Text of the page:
FDA researchers say medical device problems send 70,000 kids to the emergency room each year, according to a piece published in Pediatrics. Damage caused by contact lenses account for a quarter of the injuries, with needle-related wounds and infections from implanted devices like ear tubes or pelvic devices also ranking as common problems.
Study authors looked at emergency room data from January 1, 2004 through December 21, 2005, and found about 144,799 medical device adverse events (MDAEs). They determined that the most common type of injuries affected the eyeball, pubic region, finger, face and ear. While MDAEs decreased as children approached 10 years old, they spiked again as kids entered their teens. Girls 16 to 21 were affected at older ages, while boys under 10 were most likely to experience device problems.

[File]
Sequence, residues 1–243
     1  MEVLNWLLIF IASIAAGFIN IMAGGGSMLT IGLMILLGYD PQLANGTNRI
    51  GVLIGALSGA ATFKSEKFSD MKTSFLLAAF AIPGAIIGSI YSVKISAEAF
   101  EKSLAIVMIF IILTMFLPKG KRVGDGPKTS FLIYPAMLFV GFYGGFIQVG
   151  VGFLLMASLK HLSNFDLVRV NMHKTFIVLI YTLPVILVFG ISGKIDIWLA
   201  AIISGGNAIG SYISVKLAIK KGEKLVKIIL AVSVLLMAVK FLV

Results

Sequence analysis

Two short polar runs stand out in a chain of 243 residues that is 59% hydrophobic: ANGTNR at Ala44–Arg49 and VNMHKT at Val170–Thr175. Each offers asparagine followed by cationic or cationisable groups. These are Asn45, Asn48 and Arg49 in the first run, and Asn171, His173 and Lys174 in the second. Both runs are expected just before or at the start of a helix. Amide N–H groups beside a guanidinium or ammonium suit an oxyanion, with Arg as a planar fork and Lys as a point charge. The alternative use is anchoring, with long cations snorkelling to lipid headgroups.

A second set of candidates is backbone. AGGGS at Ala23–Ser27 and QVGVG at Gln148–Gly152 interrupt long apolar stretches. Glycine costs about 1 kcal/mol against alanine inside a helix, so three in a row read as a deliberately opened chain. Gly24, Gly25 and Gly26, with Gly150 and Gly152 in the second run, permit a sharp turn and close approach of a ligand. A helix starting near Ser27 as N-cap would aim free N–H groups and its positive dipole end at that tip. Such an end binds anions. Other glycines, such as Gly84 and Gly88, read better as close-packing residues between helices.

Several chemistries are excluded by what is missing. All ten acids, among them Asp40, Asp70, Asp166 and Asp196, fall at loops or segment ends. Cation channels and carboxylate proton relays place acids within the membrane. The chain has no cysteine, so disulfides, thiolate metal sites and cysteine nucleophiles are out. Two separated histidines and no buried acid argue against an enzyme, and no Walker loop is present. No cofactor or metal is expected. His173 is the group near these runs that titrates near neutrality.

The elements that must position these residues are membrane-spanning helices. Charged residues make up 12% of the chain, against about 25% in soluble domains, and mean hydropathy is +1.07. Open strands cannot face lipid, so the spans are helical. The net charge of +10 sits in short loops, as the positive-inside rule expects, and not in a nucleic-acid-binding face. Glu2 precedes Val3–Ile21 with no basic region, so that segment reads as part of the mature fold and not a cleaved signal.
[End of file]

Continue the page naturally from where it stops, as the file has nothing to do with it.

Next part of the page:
The researchers concluded that regulators and healthcare providers need to develop better preventative measures to keep kids from being injured by devices. "Targeted interventions should be developed and resources should be directed to address pediatric MDAEs with the greatest public health impact," notes the authors.